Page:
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The Open-Door For Terrorist Collaborators By: Stephen Dinan and Guy Taylor
Washington Times | Monday, October 20, 2003


The Defense Department acknowledged yesterday it was lax in security checks for Arabic translators and Muslim military chaplains, and announced a new policy to screen the organizations that recommend chaplains. 

Charles Abell, a deputy undersecretary for personnel and readiness for the department, said the Pentagon will seek out new Muslim organizations to endorse chaplains. The department now relies on two groups, both of which have been accused of holding radical views and supporting terrorists. 

"As a result of the last several months of activities, we are looking around to see if there are organizations that might provide us Muslim chaplains other than the two that currently provide it," he said. 

Mr. Abell also said the department cut corners in its rush to hire Arabic translators after September 11. 

"I think it's fair to say that folks who were brought on with sort of interim-level checks, and then the more detailed checks to follow — I think the results of that are as we are seeing here. We have found a couple who were not as trustworthy as we had hoped initially," he told a Senate Judiciary Committee subcommittee. 

One chaplain and two translators — one Air Force member and one contract employee — have been arrested in an espionage probe at Guantanamo Bay naval base in Cuba, where the United States is holding suspected al Qaeda and Taliban members. 

The Pentagon has ordered a review of how it recruits military chaplains, particularly Muslim clerics endorsed by U.S. Muslim groups with ties to radical Islam.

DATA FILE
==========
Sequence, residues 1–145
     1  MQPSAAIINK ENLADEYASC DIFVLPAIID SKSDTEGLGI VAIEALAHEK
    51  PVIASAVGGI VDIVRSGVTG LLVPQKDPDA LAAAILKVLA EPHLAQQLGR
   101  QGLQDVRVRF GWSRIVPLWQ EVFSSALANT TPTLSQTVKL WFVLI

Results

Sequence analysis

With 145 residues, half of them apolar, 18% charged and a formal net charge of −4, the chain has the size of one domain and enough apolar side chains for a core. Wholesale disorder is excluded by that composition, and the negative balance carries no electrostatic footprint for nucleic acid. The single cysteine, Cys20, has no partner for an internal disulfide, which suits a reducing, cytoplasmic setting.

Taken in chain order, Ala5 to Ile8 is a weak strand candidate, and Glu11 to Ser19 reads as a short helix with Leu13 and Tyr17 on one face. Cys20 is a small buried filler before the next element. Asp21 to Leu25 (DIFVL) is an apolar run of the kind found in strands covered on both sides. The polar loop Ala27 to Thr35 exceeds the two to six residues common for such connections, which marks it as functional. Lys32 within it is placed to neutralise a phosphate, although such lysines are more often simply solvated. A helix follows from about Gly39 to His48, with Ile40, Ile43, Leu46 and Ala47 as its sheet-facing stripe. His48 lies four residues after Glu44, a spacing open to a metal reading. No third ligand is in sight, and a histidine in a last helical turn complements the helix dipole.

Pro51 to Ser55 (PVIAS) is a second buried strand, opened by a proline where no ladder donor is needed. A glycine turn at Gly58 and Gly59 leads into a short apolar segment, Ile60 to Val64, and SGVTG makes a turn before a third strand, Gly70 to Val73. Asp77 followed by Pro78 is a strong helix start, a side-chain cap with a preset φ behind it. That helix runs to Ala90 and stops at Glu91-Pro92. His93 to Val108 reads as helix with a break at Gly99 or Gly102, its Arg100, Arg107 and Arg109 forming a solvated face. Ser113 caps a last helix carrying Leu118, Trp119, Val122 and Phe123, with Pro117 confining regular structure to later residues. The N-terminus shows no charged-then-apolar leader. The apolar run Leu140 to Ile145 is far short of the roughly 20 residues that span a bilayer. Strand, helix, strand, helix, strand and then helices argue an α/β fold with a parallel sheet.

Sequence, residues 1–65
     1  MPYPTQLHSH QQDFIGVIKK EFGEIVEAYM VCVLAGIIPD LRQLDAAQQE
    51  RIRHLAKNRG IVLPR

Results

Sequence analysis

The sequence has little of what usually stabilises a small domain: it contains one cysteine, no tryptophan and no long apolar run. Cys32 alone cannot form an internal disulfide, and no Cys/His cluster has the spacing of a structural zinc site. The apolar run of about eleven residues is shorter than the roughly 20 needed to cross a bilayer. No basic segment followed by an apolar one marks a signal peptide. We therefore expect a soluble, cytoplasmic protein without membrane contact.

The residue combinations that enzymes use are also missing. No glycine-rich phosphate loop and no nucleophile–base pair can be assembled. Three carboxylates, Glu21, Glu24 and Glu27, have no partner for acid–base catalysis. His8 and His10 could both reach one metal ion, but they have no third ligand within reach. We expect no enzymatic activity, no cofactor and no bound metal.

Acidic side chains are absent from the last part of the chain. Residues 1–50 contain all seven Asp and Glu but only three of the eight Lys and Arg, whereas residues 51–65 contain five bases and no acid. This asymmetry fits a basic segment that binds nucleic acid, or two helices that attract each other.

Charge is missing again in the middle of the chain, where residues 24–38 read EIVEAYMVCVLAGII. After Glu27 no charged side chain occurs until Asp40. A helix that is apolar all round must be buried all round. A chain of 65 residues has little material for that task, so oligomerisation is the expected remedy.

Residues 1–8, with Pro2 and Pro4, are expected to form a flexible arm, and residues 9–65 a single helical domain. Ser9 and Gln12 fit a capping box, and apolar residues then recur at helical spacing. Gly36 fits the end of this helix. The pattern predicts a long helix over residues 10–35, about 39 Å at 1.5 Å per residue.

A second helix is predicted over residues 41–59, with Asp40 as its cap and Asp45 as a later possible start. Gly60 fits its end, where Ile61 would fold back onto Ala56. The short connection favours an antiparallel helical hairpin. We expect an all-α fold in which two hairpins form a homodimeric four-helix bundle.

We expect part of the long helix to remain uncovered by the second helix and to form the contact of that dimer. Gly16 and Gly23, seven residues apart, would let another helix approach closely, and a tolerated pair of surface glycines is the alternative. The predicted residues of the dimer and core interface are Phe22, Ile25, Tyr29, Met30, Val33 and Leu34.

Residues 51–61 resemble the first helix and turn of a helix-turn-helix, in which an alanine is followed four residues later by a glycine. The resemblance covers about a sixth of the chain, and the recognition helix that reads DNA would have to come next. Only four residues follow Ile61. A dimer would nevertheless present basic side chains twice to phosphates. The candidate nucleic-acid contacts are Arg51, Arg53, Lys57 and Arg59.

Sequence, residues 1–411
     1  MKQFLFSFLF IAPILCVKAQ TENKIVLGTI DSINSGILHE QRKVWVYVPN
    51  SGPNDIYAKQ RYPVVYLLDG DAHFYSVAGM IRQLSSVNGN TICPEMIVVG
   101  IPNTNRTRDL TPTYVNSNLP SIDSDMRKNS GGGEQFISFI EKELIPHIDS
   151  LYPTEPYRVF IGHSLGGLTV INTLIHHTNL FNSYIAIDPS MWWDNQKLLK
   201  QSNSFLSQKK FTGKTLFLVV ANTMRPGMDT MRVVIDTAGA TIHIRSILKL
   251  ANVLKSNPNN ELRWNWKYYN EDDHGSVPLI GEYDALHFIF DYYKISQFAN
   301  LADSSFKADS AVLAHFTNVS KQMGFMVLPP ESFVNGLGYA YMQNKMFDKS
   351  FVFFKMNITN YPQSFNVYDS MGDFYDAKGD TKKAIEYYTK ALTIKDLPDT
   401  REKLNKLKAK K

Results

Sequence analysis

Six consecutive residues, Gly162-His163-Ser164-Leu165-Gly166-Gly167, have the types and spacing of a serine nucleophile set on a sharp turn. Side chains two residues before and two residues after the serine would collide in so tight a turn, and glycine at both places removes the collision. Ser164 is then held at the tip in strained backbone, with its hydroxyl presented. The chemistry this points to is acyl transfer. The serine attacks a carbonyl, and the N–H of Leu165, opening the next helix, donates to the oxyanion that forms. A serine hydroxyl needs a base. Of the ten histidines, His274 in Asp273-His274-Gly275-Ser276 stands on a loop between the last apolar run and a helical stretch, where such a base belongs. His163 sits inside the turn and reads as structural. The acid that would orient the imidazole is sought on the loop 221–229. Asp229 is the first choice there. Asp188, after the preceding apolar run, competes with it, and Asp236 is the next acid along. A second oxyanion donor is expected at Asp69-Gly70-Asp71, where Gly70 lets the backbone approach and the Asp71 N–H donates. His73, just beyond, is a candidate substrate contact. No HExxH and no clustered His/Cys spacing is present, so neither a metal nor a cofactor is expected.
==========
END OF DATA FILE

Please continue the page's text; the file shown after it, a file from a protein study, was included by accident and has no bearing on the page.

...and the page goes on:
The probe first came to light after The Washington Times reported the Sept. 10 arrest of Capt. James Yee, a Muslim chaplain in the Army who was counseling Guantanamo prisoners. The Pentagon announced last week that it had charged Capt. Yee with disobeying a general order. The charges did not include espionage. 

Meanwhile, the FBI is increasing its efforts to hire foreign-language specialists, including those who speak Arabic. 

In an announcement posted yesterday on the bureau's Web site (www.fbi.gov), FBI Director Robert S. Mueller III said more linguists are needed so agents "can respond to every investigative challenge, and meet all emerging threats." 

Since September 11, the FBI has turned the main focus of its 11,000-member work force to preventing terrorism. The shift has reduced the bureau's role in traditional areas, such as drug and bank robbery investigations. 

It also has increased the need for people who speak foreign languages. 

"The need for translators takes on a new importance and meaning today than it did prior to 9/11," said Paul Bresson, a spokesman at FBI headquarters. "Obviously, we're not where we want to be, but we've made a lot of progress." 

Mr. Bresson said the FBI has done "an extensive amount of advertising" to attract more applicants for interpreter jobs.